Aza Ray is drowning in thin air.
Since she was a baby, Aza has suffered from a mysterious lung disease that makes it ever harder for her to breathe, to speak—to live.
So when Aza catches a glimpse of a ship in the sky, her family chalks it up to a cruel side effect of her medication. But Aza doesn’t think this is a hallucination. She can hear someone on the ship calling her name.
Only her best friend, Jason, listens. Jason, who’s always been there. Jason, for whom she might have more-than-friendly feelings. But before Aza can consider that thrilling idea, something goes terribly wrong. Aza is lost to our world—and found, by another. Magonia.
Above the clouds, in a land of trading ships, Aza is not the weak and dying thing she was. In Magonia, she can breathe for the first time. Better, she has immense power—and as she navigates her new life, she discovers that war is coming. Magonia and Earth are on the cusp of a reckoning. And in Aza’s hands lies the fate of the whole of humanity—including the boy who loves her. Where do her loyalties lie?
First of all, nothing nothing beats the pretty that is Magonia’s cover. I bought a Paperback inspite of owning the Kindle version of the book simply because it is so beautiful and you guys, I have no regrets AT ALL. It looks beautiful on my shelf, just as I knew it would, and the amount of painstaking detail on the cover is just magical! Definitely worth owning!
Magonia is the story of Aza Ray Boyle, who suffers from a rare and unique lung disorder that does not allow her to breathe. And this is the one and only thing I’m going to talk about in terms of the actual story, because I believe Magonia is one of those books you need to experience on your own, completely, and I’m hoping you, reader, are going to end up doing the same.
Aza was one of the most mature voices I remember reading in YA. She had the voice of not only a survivor and a fighter, but also of somebody who has accepted the inevitability of her own death. And she was funny! Goddamn was the girl funny and sarcastic and so much fun! Think Hazel Grace Lancaster, but triple the amount of sass. Asa made me laugh and guffaw, just as much as she made me bawl my eyes out. The girl was driven and full of life, and I found myself grieving internally because a girl like Aza deserved so much more. But Aza herself despised pity and that showed just how different and odd her little life was.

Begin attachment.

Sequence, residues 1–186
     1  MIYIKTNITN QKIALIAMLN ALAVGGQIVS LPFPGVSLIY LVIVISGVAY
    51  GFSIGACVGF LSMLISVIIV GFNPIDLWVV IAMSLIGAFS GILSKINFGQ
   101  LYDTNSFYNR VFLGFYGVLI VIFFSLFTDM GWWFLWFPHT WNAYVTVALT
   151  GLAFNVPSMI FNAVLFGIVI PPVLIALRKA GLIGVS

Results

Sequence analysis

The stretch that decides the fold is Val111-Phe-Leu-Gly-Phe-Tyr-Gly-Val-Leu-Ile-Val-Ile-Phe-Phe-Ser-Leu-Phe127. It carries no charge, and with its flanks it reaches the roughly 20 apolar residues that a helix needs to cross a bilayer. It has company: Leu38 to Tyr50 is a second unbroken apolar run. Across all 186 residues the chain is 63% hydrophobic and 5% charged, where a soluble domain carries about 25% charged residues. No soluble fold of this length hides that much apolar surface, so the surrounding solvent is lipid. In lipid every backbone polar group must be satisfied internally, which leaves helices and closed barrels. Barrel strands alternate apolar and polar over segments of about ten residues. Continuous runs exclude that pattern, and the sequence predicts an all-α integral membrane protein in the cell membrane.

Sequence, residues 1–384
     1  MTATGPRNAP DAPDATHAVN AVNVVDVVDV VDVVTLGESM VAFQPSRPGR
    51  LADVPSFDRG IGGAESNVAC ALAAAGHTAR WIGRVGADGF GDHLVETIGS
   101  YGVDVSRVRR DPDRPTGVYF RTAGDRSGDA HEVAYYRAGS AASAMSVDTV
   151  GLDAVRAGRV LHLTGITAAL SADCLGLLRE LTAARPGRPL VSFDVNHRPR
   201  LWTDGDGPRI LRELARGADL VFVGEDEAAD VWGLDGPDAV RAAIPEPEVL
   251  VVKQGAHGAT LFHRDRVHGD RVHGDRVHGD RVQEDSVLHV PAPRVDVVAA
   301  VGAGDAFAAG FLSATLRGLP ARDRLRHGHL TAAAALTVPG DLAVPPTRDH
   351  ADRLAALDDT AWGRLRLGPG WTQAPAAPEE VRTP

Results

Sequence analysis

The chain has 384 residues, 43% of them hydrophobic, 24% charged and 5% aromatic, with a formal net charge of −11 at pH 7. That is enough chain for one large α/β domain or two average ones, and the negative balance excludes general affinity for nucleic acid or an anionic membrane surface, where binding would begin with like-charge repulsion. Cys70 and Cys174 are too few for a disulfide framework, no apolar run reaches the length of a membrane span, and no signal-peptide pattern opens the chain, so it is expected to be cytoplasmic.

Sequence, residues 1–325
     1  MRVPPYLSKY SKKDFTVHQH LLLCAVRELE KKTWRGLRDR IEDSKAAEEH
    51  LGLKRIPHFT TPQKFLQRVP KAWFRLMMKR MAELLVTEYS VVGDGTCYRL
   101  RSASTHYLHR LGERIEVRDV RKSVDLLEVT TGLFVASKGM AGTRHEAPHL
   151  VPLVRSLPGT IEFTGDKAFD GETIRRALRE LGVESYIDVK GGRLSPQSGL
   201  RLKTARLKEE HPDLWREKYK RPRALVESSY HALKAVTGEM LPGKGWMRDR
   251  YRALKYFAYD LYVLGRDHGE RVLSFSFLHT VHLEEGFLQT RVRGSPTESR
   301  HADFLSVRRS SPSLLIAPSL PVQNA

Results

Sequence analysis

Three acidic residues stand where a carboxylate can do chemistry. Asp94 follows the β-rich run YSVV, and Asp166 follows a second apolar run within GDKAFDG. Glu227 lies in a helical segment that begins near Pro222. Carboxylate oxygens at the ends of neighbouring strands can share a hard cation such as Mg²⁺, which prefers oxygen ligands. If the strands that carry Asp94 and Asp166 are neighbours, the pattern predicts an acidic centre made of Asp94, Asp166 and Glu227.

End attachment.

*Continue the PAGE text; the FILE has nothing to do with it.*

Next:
And I’m calling her life “little” for a reason.
One of the most interesting things about Aza was her relationship with her parents. They took so much care of her, and it was plain to see that she was loved greatly. Her parents were amazing, in my opinion, and I’m definitely looking forward to her sister Eli, and how her particular character grows in the coming instalments of the series. And then of course, there was Aza’s best friend, Jason Kerwin.
The thing with Jason? You can’t help but love this guy. From the moment I read him, he became a very important part of the story for me. The book is split into Jason and Aza’s first person POVs, and I found myself eager to always see what Jason was up to. He was the nerd and the best friend and the eye candy, but reading between the lines shows how from the very beginning how loyal and loving this boy is. He was the perfect yin to Aza’s yang and damn was I shipping this couple HARD. I was practically the Sam to their Dean and Cas, yelling “Kiss for Gods’ sake” all the time!
Of course, the book wasn’t all about Aza’s sass and Jason’s nerdiness. At its heart, it was about a dying girl, and somehow Aza never forgot that—and so, nor did I. She had a positive approach to her illness, she respected the time she had left, and yet I felt this undertone of bitterness and regret that her words made me feel. All of this, only made possible by Maria Dahvana Headley and her writing that could most likely make a piece of stone cry. I’m usually averse to reading lyrical prose, but Magonia just changed all of that for me. For real. The world building in Magonia is truly out of the world. No puns. The attention to detail (although I still have questions!) was intrinsic and fascinating! Combining ancient mythology with urban legends, lore and basic Sci-Fi can be no easy feat, but reading Magonia will make you realise how much fun it is to read! The entire concept of the book is unheard of (at least to me) and it came in like
a wrecking ball a complete surprise!
The entire game changes once Aza dies on Earth and wakes up in Magonia. And I’ve got to say, true to her character, Aza is afraid/confused/blow away for a very short time. She becomes a part of the crew of the ship she is in. She learns how she is special. SHE NARROWLY AVOIDS BEING PART OF A FRIKKIN LOVE TRIANGLE.
All in all, Magonia is a Fantasy that is high up on my favourites shelf with ACOTAR and Ash & Bramble and Walk On Earth A Stranger. The writing is beautiful, the characters are fantastic, the world building is so unique and the cover is to die for! This book is compelling and almost eye-opening in the way Aza thinks, but it also entertaining and will guaranteed pull you out of a book slump!